While most smokers are aware of the dangers of secondhand smoke, fewer know about the dangers of thirdhand smoke pollution, which results from the harmful chemicals in tobacco smoke settling on surfaces. The study titled, “Remediating Thirdhand Smoke Pollution in Multiunit Housing: Temporary Reductions and the Challenges of Persistent Reservoirs,” aimed to identify the the effects of different cleaning methods on such chemicals.
The study participants were split in three groups. The first were assigned to dry/damp cleaning followed by wet cleaning 1 month later, the second to wet cleaning followed by dry/damp cleaning 1 month later, and the third dry/damp and wet cleaning applied the same day.
The researchers measured the levels of nicotine on surfaces and in dust before smoke exposure, immediately after, and 3 months after the cleaning, using liquid chromatography with triple quadrupole mass spectrometry (LC–MS/MS).
All cleaning methods reduced nicotine only temporarily
The study results indicated that nicotine contamination was immediately reduced in all three groups following cleaning. However, regardless of the cleaning method, nicotine contamination in all homes increased again during the three months following cleaning.
“Over a 4-month period prior to cleaning, surface nicotine levels remained unchanged (GeoMean change: −11% to +8%; repeated measures r = .94; p < .001). Used separately, dry/damp and wet cleaning methods showed limited benefits. When applied in combination, however, we observed significantly reduced nicotine on surfaces and in dust. Compared with baseline, GeoMean surface nicotine was 43% lower immediately after (z = −3.73, p < .001) and 53% lower 3 months later (z = −3.96, p < .001). GeoMean dust nicotine loading declined by 60% immediately after (z = −3.55, p < .001) and then increased 3 months later to precleaning levels (z = −1.18, p = .237),” reported the study Abstract.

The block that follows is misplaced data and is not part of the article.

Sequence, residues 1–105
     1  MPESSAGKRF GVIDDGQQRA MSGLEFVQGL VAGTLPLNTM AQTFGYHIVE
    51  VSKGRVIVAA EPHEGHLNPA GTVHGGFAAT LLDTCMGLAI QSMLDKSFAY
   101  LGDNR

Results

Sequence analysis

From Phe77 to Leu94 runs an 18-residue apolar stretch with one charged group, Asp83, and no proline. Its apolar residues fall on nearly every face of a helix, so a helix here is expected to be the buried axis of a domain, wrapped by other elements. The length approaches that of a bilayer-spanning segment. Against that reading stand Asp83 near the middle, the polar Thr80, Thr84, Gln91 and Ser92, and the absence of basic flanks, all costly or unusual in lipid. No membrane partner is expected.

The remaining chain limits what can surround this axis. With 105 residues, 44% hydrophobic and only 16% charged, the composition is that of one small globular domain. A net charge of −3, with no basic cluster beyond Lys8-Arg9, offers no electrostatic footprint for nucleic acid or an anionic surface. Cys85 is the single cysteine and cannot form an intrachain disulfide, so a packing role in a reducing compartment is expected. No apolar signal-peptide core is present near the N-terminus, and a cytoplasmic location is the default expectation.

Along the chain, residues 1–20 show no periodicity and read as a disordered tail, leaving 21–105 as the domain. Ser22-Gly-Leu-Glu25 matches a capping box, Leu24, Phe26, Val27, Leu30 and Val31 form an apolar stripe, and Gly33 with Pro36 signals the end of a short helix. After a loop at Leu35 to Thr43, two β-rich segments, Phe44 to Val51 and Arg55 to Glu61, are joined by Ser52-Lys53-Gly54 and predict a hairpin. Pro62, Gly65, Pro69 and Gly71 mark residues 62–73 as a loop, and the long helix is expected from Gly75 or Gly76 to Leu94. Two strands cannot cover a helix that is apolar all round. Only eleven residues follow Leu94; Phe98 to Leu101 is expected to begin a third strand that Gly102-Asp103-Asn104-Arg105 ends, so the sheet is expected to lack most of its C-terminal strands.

In light of these results, the researchers concluded that while cleaning interventions did reduce nicotine in dust and on surfaces, they did not permanently remove it. “We would like to be able to tell residents that there is a simple way to remove this contamination permanently, but that is not what we found. What we can say, as a result of this study, is that there are two important steps you can take to reduce thirdhand smoke contamination and make your home safer,” said Matt.
The importance of clearing dust particles
In light of the findings, the study author is suggesting keeping household dust as low as possible. Frequent vacuuming of all soft furnishings and floors, and dusting/mopping of all hard surfaces, is suggested as the best way to reduce thirdhand smoke exposure through household dust.
Secondly, surfaces that are touched often should be kept as clean as possible. Frequently wiping table tops, doors, cabinets, and chairs, and washing pillow cases, blankets, and drapery will help reduce exposure to thirdhand smoke whilst at home.